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Commercial Contractor Settles Lead Case

Monday, June 10, 2013

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A Kansas-based commercial general contractor and renovator has been slapped with a $27,286 fine for failing to use lead-safe work practices during a renovation project in Kansas City, MO.

In the recent Environmental Protection Agency enforcement action, the agency alleged that HarenLaughlin Construction Company, of Lenexa, KS, violated the agency’s Renovation, Repair and Painting (RRP) rule while performing renovation activities at an apartment building.

HarenLaughlin Construction Company Newsletter

Founded in 1932, HarenLaughlin Construction Company has an extensive portfolio of multi-million dollar projects. The company has been fined by the EPA for failing to abide by lead-based paint regulations.

The company did not respond to a request for comment Friday afternoon.

HarenLaughlin agreed to complete a lead-based paint abatement project at another apartment complex in order to satisfy a significant portion of the settlement.

Inspection Details

An August 2012 inspection revealed workers renovating an unoccupied 65-unit apartment building originally built in 1922, according to the administrative consent agreement and final order.

However, at the time of the inspection, the company had not applied for renovator certification under the law.

Further, the company did not utilize lead-safe work practices or notify property owners about lead-based paint risks before the company or its subcontractors performed renovation work at the site, EPA said.


Specifically, EPA said HarenLaughlin failed to:

  • Post signs clearly defining the work area;
  • Warn occupants and other persons not involved in renovation activities to remain outside the work area;
  • Close and cover all duct openings in the work area with taped-down plastic sheeting or other impermeable material for the interior renovation;
  • Close windows and doors in the work area, and cover doors with plastic sheeting;
  • Cover the floor surface with taped-down plastic sheeting or other impermeable material in the work area six feet beyond the perimeter of surfaces undergoing renovation or a sufficient distance to contain the dust for the interior renovations.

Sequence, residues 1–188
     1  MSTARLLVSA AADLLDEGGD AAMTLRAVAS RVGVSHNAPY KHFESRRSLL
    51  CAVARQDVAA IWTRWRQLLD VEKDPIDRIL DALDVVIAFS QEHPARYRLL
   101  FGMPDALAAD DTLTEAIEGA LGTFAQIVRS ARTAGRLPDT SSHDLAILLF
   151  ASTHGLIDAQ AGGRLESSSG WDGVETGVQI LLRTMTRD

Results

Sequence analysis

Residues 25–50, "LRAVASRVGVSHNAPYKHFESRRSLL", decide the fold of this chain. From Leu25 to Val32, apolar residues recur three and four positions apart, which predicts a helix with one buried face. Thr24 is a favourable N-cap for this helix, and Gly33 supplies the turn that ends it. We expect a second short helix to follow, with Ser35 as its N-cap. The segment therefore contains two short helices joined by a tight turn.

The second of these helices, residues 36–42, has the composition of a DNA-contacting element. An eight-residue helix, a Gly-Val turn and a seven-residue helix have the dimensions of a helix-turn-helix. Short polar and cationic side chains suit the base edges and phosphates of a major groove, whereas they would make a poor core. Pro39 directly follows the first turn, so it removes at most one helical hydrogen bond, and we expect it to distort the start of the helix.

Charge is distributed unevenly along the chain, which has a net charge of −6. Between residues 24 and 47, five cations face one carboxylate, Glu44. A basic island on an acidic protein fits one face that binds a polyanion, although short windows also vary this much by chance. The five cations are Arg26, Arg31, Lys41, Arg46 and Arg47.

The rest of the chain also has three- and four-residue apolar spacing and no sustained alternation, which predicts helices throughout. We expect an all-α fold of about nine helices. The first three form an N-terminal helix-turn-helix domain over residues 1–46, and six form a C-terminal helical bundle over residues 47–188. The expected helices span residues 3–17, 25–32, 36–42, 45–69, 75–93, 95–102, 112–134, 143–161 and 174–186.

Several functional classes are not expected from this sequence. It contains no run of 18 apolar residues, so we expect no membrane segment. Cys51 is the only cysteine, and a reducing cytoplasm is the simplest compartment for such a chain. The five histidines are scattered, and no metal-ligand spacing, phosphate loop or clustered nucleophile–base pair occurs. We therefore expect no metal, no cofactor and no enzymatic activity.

HarenLaughlin also failed to provide owners of the property with an EPA-approved lead hazard information pamphlet before starting renovations, the EPA said.

EPA Lead Safe

Firms that perform renovations for compensation must apply to EPA for certification to perform renovations or dust sampling, according to 40 C.F.R.§ 745.89(a)(l).

The Renovate Right pamphlet helps homeowners and tenants understand the risks of lead-based paint, and how best to minimize these risks to protect themselves and their families.

The Settlement Details

Under the agreement, HarenLaughlin will complete a supplemental environmental project valued at $24,500 to remove lead-based paint from an apartment complex in the area.

The company has 120 days to complete the work, the agency said.

HarenLaughlin will pay the remaining $2,786 in the form of a cash penalty, EPA said.

RRP Requirements

The RRP rule requires that general contractors and subcontractors that work on pre-1978 dwellings and child-occupied facilities are trained and certified to use lead-safe work practices.

EPA finalized the RRP rule in 2008 and the rule took effect on April 22, 2010.

The EPA is currently considering whether to expand the oft-criticized rule to include public and commercial renovation activities. A comment period on the proposed expansion is open until July 12, according to the agency's notice in the Federal Register.

About the Company

Founded in 1932, HarenLaughlin Construction is a third generation family-owned commercial general contracting firm serving the south and midwest regions. The company’s project portfolio includes an array of multi-million dollar commercial projects.

On its website, the company notes that it has “earned a well-deserved reputation as a firm that holds integrity, value and craftsmanship above all else.”


Tagged categories: Commercial Construction; Commercial contractors; Enforcement; Environmental Protection Agency (EPA); Lead; Lead paint abatement; Lead Renovation, Repair and Painting Rule (LRRP); Maintenance + Renovation; Renovation

Comment from Catherine Brooks, (6/10/2013, 11:06 AM)

$28,000 certainly won't put this multi-million dollar company out of business. A 10-month cycle from EPA inspection to fine settlement is a very reasonable turn around time for any case - government or private. When the EPA RRP enforcement funds focus on these larger companies, we citizens get the biggest bang for our taxes and reduce the lead poisoning risks for the larger number of children. Good job.

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